Robin is someone I met online at the Booze Free Brigade . She’s a sister, a soldier, a trudger and one hell of a writer. Read her story and if you relate, just know, we’re all right there with you. She can be found at her blog Life On Its Own Terms.
And by the way, Saturday? I will have one year of sobriety. If you don’t know by now from how much I fucking blab on and on about it, it’s a huge deal to me. Boom.
And now, here’s Robin:
“I have a PhD and a boob job, so I suppose it’s redundant to tell you that I’ve always felt like a misfit. I’m one of those alcoholics for whom booze is only the tip of the iceberg: I was born to be addicted. Far from accepting life on its own terms, I attacked reality with a sledgehammer and a scalpel. In the end, though, life won, as it always does, and I wasn’t undone by anything extreme but by the simplest of nature’s blessings: motherhood.
I grew up in New England, and my parents were Republicans who drank prodigiously but never sloppily and made too much money. My sisters and I spent summers in the islands, skied at Vail for Christmas, and sulked when our parents left us with nannies while they vacationed in Europe. I had just designed my debutante dress – a knockoff of Princess Diana’s wedding dress, I was nuts for her – when it all disappeared in a cloud of divorce, bankruptcy, and suicide. I finished high school while working full time to help pay the bills and then, figuring I’d done my time, disappeared into the first ivory tower that would have me.
My first addiction wasn’t sex or even love but romance, in the purest medieval sense. My boyfriends always lived somewhere else. I felt like a fraud when I tried to do what I thought I was supposed to do, dating and waiting for phone calls and wondering if I could keep a toothbrush in his bathroom. I relaxed only when off-script, meeting a boyfriend for a long weekend in London or Key West; I had the run-through-the-airport-into-his-arms routine down cold.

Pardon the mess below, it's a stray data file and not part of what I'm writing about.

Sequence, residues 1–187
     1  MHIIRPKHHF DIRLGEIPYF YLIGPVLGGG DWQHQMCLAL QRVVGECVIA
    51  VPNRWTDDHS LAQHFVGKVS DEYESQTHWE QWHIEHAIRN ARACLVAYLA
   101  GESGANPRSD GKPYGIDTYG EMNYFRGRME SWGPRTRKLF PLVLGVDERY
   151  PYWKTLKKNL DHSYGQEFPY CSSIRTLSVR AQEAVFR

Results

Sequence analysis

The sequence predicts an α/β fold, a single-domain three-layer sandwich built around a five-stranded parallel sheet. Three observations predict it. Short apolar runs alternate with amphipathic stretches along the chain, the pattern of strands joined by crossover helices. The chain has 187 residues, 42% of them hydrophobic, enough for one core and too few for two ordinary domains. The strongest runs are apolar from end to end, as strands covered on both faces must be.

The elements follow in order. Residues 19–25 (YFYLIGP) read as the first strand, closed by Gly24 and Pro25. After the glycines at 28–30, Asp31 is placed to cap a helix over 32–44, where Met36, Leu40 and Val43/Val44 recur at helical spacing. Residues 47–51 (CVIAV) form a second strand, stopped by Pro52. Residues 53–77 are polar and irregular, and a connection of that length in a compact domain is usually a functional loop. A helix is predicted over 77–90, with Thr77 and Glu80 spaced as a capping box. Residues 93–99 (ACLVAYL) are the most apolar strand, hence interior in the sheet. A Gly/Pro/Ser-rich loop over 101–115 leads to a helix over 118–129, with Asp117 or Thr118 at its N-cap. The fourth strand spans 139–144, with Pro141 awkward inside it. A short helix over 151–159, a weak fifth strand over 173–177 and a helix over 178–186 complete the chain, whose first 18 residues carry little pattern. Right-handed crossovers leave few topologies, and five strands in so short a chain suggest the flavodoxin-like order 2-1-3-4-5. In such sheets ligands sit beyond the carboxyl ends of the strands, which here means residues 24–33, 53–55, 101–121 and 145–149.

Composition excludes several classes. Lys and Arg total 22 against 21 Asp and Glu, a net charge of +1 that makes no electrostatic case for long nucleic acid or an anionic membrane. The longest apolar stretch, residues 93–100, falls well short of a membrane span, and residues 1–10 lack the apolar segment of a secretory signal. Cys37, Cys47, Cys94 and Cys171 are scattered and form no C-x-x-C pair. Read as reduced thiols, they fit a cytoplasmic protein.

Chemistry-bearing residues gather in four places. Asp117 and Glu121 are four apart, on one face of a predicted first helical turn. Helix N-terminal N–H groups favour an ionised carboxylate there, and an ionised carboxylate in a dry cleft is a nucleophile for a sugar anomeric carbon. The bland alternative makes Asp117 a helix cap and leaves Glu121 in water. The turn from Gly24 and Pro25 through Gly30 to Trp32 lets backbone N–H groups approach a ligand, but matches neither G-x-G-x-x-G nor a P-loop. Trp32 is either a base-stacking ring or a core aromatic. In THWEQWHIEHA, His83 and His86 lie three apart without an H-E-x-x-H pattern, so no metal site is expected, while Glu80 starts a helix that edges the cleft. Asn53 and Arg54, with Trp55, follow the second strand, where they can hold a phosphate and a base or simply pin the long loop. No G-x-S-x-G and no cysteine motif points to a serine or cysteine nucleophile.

My husband’s and my first date began and ended in an airport; hell, I tried to have a long-distance marriage. It suffered, of course, but I thought that was the way life went (remember I was raised in a John Cheever novel) so I concentrated on important things like making sure we used cloth napkins and forcing him to go to the opera with me. I got a job as a university professor, bought the boobs I’d always wanted, Botoxed my forehead and launched my own prodigious-but-never-sloppy drinking career.
Then I discovered I wanted a child, a desire my body denied, but adopting from Russia felt comfortably exotic so we went about that. I worked at becoming a mother as hard as I’d worked at anything, ever, but as with most of my goals I had no idea what to do once I achieved it. As had happened when I woke up and found a husband in bed next to me, soon after my daughter came home I found that I was more terrified of her than of anything that had thus far kept me on the right side of drink, so drink I did.
The end came fast for me, but not fast enough to avoid damage. My marriage was drowning, the promise we felt in discovering we liked each other as parents – who knew? – evaporating like alcohol on a stovetop. Finally grounded, my passport filed and my favorite carry-on serving as a diaper bag, I chafed and bled and rattled the bars of my gilded cage, which in no time was completely soaked in alcohol. It was everywhere. Stashed in the top of my closet, the trunk of my car, pockets of my coats. One day in a blackout I apparently started a new email account under an alias and wrote dozens of emails, perfectly spelled and correct in their grammar but nonsensical. To this day I don’t know who all I wrote or why or what I said. I’ve been assured by someone who saw one that I don’t want to know.
So I went to rehab. It was as simple and as catastrophic as that. I learned that separation from my daughter felt like my heart washed up on the beach, parched and scraped and sunburned, plucked at by seagulls. In short: worse than any misery I’d ever known or imagined, particularly sharp because I didn’t expect to feel that way. Still needing to chase some semblance of success I earned my stripes with half-my-age heroin addicts – you took how many Xanax? You rock! – and I danced and fenced with every rule, gained 20 pounds, let my wrinkles come back. It’s a very odd thing to disappear for four solid months, leaving my child in my sister’s care and my husband to foot some outrageously high bills and colleagues scratching their collective heads. It’s just as odd to return to life, sober but dependent as a newborn, realizing that all of my careful machinations had left me at the mercy of nature and people to a much greater extent than if I had just bothered to learn the rules of the game in the first place.”